With the world of work in near constant flux, and a country still plagued by high rates of unemployment, UCT graduates are increasingly entrepreneurial.
This was one of the major findings of the 2018 graduate exit survey.
The survey, administered by Careers Service, in the Centre for Higher Education Development (CHED), gauged what UCT graduates were doing by the time they obtained their degree in April 2018.
Of the 3 962 students who were expected to attend April graduation, 3 297 consented to be surveyed – an impressive response rate of 83%.
The survey results speak to consistently high levels of employment and increased postgraduate enrolment, complemented by a mounting spirit of entrepreneurship.
Of the survey respondents who were already employed come April 2018 graduation, 10% indicated that they were self-employed.
“Our pioneering graduate exit survey was one of our various strategic projects of 2017, and is a vital source of data that fuels the work that we do.”
This is an encouraging trend for a university that is working hard to equip students for an ever-shifting and increasingly entrepreneurial world of work. Indeed, in 2017 the Careers Service debuted the Student Entrepreneurship Week, as part of the reimagined UCT Careers Festival, in an effort to help UCT students discover their entrepreneurial selves.
David Casey, Careers Service director, says: “We constantly aim to better support students’ access, success and the transition to the world of work. Our pioneering graduate exit survey was one of our various strategic projects of 2017 and is a vital source of data that fuels the work that we do.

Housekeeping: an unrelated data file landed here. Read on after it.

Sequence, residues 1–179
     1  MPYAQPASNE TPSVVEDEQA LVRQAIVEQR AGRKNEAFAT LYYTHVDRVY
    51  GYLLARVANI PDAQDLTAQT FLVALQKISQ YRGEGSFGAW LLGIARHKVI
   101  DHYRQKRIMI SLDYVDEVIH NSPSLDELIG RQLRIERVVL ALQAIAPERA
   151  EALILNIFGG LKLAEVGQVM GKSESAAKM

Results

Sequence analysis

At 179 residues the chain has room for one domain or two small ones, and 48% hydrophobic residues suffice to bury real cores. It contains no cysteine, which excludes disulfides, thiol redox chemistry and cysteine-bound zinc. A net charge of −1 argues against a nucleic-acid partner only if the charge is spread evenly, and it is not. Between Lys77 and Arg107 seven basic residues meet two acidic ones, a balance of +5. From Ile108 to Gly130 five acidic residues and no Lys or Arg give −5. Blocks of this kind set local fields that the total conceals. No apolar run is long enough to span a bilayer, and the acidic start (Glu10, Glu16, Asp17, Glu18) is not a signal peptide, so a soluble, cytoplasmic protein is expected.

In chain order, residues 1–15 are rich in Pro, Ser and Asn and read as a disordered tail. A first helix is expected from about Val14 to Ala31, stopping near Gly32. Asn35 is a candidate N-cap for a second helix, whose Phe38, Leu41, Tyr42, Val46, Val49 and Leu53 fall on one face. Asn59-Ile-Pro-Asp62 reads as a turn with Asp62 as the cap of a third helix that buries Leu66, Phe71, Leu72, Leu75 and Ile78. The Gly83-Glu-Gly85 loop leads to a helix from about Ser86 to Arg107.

“It is encouraging to see that 39.4% of our April graduands were employed at the time of graduation, 45.3% are studying further.”
UCT graduates are in demand
With an employment rate of 39.4% at April graduation, it is clear that UCT graduates remain desired candidates in the world of work.
The survey showed that 45.3% of graduates are already studying further, with a further 11.8% still hoping to pursue further studies. Just 19.7% of surveyed graduates were still seeking employment come April graduation.
The majority of graduates from the faculties of Engineering & the Built Environment, Health Sciences and Law are already employed (at 54.1%, 53.2% and 62.1% respectively).
Figures from the faculties of Humanities and Science, which have higher numbers of students, are comparatively low in rates of employment. But the majority of graduates from these faculties are studying further (at 50.7% for the humanities and 64.5% for the sciences).
Graduates from the Faculty of Commerce are evenly split, with 44% already employed and 45.5% studying further.
The majority of graduates who are already employed have a starting salary between R20 000 and R30 000, at 22.1%. A further 16.1% of graduates currently earn between R15 001 and R20 000. The private sector remains, by far, the leading employer of UCT graduates, with 65.7% employed in the sector.
The majority of graduates are employed in positions that are related to their fields of study, with 64.9% having listed their jobs as directly related to their studies, and 26.6% having listed their jobs as somewhat related to their studies.
“The graduate exit survey shows that a UCT degree is in demand,” commented Professor Loretta Feris, the deputy vice-chancellor for transformation.
“However, for UCT, true success is measured in the extent to which our graduates contribute to ensure that we stem the growth of inequality in our country.
“It is therefore heartening to see that entrepreneurship of our graduates is on the rise, and we hope that through these endeavours they will address the challenges of unemployment and poverty.”
*Respondents were able to select more than one main activity during the graduation survey, ie they could be employed and seeking studies, seeking studies while already studying, or seeking employment while studying, and so forth. Figures should be understood as separate variables, rather than being part of a 100% total.
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